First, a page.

Community forums were held at Waimea Canyon, ‘Ele‘ele Elementary, and Kekaha Elementary schools regarding Waimea’s conversion to a middle school. Attendance ranged from 10 to 20 people, with Kekaha having the largest turnout.
School Renewal Specialist for West Complex Billi Smith said it was interesting that concerns brought up reflected the different school communities.
Karen Aka, co-founder of Collaborative Action for Public Education, facilitated the community forums. She sorted the questions asked at the forums into “Concerns-Based Adoption Model” stages which revealed that most questions were information — “I would like to know more about it,” and consequences — “How is this going to affect my kids?”
There were two community forums conducted at Waimea Canyon School, one for grades four through eight and one for grades kindergarten through three. One comment heard clearly and strongly from parents and community was that they didn’t understand why the school couldn’t be both an elementary and middle school.
Another was why they weren’t asked before the decision was made to convert.
“Because of the strength of the sentiments, a survey was sent to parents of kindergarten through grade three parents,” Smith said.
The survey was to get more information and to allow parents who did not attend the forum to voice their opinions, Smith said.
The survey asked for responses on student safety and well being, bus transportation, student learning and related issues. “The survey clarified what needed to be addressed,” WCS Principal Glenda Miyazaki said.
“It is an emotional issue for many parents who graduated from Waimea High School and live in the community,” Miyazaki said.
On the one hand are the ties with the school. On the other hand, the projected enrollment shows a decline. With the staffing cuts predicted because of weighted student funding, more classes combining two grade levels may need to be created, Miyazaki said.
Miyazaki also said that new Department of Education promotion guidelines will be in effect in 2007-2008 requiring that sixth graders earn credits. Currently students are promoted by credits starting in the seventh grade.
“The curriculum would need to be different, reflecting more of the complexity or rigor found in the upper grades,” Miyazaki said.
The sixth-, seventh- and eighth-grade configuration would be a natural progression to really delve into the middle school philosophy and practices, Miyazaki said.
When you go on campus, she said, you see the different emotional, academic, physical developmental stages. Sixth-graders are ready to be involved in their learning in a hands-on way.
“They need a curriculum to address their growth, which can be done better in a middle school,” Miyazaki said.
It would be difficult for Kekaha and ‘Ele‘ele elementary schools to offer the sixth-graders what is necessary to maximize their education as a middle school learner, Smith said.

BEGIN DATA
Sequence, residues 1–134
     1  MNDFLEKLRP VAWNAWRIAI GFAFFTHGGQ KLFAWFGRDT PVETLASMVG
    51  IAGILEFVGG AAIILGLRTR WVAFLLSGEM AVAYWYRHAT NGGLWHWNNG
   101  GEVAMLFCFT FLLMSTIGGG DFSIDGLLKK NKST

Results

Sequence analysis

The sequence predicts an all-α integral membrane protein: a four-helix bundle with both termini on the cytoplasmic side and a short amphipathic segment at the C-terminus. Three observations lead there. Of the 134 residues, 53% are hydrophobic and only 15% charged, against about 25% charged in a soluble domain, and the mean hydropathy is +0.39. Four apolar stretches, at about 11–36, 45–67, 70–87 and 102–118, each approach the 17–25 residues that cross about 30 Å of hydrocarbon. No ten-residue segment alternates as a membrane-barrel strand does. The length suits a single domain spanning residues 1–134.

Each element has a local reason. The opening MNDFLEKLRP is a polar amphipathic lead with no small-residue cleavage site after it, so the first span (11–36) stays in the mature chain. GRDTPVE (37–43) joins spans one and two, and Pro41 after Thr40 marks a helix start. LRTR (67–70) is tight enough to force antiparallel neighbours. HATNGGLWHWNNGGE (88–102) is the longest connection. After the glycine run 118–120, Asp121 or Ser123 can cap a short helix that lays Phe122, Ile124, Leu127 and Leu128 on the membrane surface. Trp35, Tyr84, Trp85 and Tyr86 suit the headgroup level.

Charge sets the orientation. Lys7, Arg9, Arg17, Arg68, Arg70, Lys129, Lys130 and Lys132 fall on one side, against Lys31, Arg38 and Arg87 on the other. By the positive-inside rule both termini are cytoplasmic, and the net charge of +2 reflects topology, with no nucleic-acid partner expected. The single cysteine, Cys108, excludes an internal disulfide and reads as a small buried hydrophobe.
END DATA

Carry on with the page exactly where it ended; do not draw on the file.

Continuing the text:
The WCS School Community Council reviewed the results of the survey. Using the same concern-based model that Aka used, Smith grouped the survey results according to the concerns and attached corresponding possible interventions.
The Waimea Canyon SCC agreed that they need more time to go over the information and decide which interventions to adopt.
“Initially they discussed the need to provide more information one-on-one or in small groups, rather than big meetings,” Smith said.
They agreed that the 32-percent response rate would give them valid information on which to decide next steps.
All SCC members also agreed to sign a letter supporting the middle school conversion. Smith said ‘Ele‘ele and Kekaha elementary schools’ SCCs will also decide whether or not to sign letters of support.
Smith said she and Miyazaki want a task force to meet and chart out what needs to be done. Miyazaki said the group needs to be small. Smith said that as facilitator, she will help the group make sense of the bigger picture. Subgroups that include parents and community members can then be formed to work on details during the school year.
The criteria for the task force members will include effective teachers of standards-based education and a willingness to continue professional conversations with colleagues. Members will need to commit to researching components of middle school philosophy, develop a timeline, and incorporate accreditation recommendations.
“If we do the structure, the framework, (during the summer) and build the part of the car that has the wheels, it will make it go (during the school year),” Smith said.
Miyazaki said it is nice to have next year to get more information, put in instructional pieces, and get adjusted to the change.
“If we want it to work, we need to plan and to build,” Miyazaki said. “People must come in with the attitude that they will make it work.”
There are indications that some parents are getting a jump on the change, Smith said. A few parents living in the WCS district have requested geographic exceptions to attend Kekaha Elementary next year. Lower elementary teachers have transferred, perhaps anticipating the changes.
At this time, there are five students registered for kindergarten at WCS. The numbers may grow with late registration. Throughout the year children move, which may add numbers to the kindergarten class.
“Everything must be transparent and conscious,” Smith said.
The plan must be clearly laid-out in easy-to-understand terms, she said. Everybody must understand; we cannot afford to go on assumptions.
“It is a monumental task and a wonderful opportunity,” Smith said. “We need to take one day at a time and be real clear about where we are going.”
• Cynthia Matsuoka is a freelance writer for The Garden Island and former principal of Chiefess Kamakahelei Middle School. She can be reached by e-mail at email@example.com.